Prenatal attachment: using measurement invariance to test the validity of comparisons across eight culturally diverse countries

Sarah Foley, Claire Hughes, Aja Louise Murray, Adriana Baban, Asvini D Fernando, Bernadette Madrid, Joseph Osafo, Siham Sikander, Fahad Abbasi, Susan Walker, Bao-Yen Luong-Thanh, Yen Lương Thanh Bảo, Mark Tomlinson, Pasco Fearon, Catherine L Ward, Sara Valdebenito, Manuel Eisner

Research output: Contribution to journalArticlepeer-review

Abstract

Studies in high-income countries (HICs) have shown that variability in maternal-fetal attachment (MFA) predict important maternal health and child outcomes. However, the validity of MFA ratings in low- and middle-income countries (LMICs) remains unknown. Addressing this gap, we assessed measurement invariance to test the conceptual equivalence of the Prenatal Attachment Inventory (PAI: Muller, 1993) across eight LMICs. Our aim was to determine whether the PAI yields similar information from pregnant women across different cultural contexts. We administered the 18-item PAI to 1181 mothers in the third trimester (Mean age = 28.27 years old, SD = 5.81 years, range = 18-48 years) expecting their first infant (n = 359) or a later-born infant (n = 820) as part of a prospective birth cohort study involving eight middle-income countries: Ghana, Jamaica, Pakistan, Philippines, Romania, South Africa, Sri Lanka and Vietnam. We used Multiple Group Confirmatory Factor Analyses to assess across-site measurement invariance. A single latent factor with partial measurement invariance was found across all sites except Pakistan. Group comparisons showed that mean levels of MFA were lowest for expectant mothers in Vietnam and highest for expectant mothers in Sri Lanka. MFA was higher in first-time mothers than in mothers expecting a later-born child. The PAI yields similar information about MFA across culturally distinct middle-income countries. These findings strengthen confidence in the use of the tool across different settings; future studies should explore the use of the PAI as a screen for maternal behaviour that place children at risk.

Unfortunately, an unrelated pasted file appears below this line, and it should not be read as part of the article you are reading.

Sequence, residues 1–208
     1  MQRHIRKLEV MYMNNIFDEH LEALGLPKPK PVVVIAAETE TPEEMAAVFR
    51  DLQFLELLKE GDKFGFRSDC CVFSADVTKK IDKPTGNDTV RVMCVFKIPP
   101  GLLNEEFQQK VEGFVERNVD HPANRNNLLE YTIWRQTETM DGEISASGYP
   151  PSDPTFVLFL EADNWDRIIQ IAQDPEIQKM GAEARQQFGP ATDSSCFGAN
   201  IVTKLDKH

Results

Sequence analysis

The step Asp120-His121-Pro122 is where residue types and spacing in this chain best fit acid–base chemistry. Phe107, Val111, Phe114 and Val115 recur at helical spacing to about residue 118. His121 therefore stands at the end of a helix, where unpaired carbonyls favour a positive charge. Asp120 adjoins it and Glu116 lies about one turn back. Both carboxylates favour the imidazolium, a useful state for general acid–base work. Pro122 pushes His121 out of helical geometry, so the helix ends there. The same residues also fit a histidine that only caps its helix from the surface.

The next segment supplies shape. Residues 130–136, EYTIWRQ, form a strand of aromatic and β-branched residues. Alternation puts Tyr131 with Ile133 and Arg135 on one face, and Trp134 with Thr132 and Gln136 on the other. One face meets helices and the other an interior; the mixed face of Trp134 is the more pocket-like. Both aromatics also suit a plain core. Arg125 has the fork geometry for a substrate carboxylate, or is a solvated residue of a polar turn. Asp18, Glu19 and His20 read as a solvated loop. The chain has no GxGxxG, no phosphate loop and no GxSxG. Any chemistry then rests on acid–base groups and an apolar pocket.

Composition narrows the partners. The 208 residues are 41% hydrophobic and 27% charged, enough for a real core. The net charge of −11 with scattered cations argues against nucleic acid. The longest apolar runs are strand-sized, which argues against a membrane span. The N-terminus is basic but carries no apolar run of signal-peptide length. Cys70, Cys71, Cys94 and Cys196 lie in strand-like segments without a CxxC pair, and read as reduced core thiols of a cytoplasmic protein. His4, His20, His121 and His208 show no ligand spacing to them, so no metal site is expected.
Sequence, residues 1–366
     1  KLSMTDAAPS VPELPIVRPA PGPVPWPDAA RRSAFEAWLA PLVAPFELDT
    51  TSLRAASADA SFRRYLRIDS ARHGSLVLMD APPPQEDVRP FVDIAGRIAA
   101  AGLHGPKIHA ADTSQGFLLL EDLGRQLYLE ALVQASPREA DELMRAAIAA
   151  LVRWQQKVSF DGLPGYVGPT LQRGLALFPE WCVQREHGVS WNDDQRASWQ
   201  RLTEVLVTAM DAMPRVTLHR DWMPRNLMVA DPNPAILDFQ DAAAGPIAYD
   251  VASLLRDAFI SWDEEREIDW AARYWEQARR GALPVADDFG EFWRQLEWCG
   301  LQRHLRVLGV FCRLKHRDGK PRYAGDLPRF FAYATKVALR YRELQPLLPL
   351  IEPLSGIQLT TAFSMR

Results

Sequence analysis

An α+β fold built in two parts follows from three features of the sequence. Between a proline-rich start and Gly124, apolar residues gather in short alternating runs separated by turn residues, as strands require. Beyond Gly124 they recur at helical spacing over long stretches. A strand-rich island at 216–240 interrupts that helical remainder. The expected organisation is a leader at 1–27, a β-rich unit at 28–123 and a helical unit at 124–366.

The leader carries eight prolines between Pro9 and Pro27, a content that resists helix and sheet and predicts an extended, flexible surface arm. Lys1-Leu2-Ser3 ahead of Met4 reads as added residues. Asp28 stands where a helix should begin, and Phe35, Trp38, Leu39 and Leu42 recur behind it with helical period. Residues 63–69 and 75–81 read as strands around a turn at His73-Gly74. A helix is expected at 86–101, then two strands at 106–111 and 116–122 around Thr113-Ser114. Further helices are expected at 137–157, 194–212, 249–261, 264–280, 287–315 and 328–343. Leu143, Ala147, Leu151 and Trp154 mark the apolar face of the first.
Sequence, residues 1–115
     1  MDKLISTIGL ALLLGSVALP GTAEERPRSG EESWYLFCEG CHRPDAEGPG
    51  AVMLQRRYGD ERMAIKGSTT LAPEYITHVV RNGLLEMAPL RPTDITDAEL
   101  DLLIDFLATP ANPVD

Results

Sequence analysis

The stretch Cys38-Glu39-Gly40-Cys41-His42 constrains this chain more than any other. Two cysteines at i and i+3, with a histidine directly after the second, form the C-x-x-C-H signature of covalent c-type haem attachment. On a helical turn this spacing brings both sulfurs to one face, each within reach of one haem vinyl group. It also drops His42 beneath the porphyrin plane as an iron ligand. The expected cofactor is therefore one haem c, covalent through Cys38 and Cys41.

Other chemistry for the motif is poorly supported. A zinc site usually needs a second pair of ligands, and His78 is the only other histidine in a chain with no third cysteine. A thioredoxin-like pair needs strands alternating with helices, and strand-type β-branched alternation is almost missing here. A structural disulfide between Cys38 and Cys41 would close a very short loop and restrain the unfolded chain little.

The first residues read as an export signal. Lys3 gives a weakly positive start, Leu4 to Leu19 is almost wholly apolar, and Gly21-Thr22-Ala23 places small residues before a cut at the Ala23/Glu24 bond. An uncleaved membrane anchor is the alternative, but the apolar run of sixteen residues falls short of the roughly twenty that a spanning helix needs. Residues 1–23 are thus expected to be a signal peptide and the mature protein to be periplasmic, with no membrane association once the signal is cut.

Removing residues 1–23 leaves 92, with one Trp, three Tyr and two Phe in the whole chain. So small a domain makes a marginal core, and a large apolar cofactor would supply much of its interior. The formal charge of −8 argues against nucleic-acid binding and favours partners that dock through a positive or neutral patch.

Original languageEnglish
JournalArchives of Women's Mental Health
Early online date09 Feb 2021
DOIs
Publication statusEarly online date - 09 Feb 2021
Externally publishedYes

Keywords

  • Cross-cultural
  • Lower-middle income
  • Maternal-fetal attachment
  • Measurement invariance
  • Parity
  • Pregnancy

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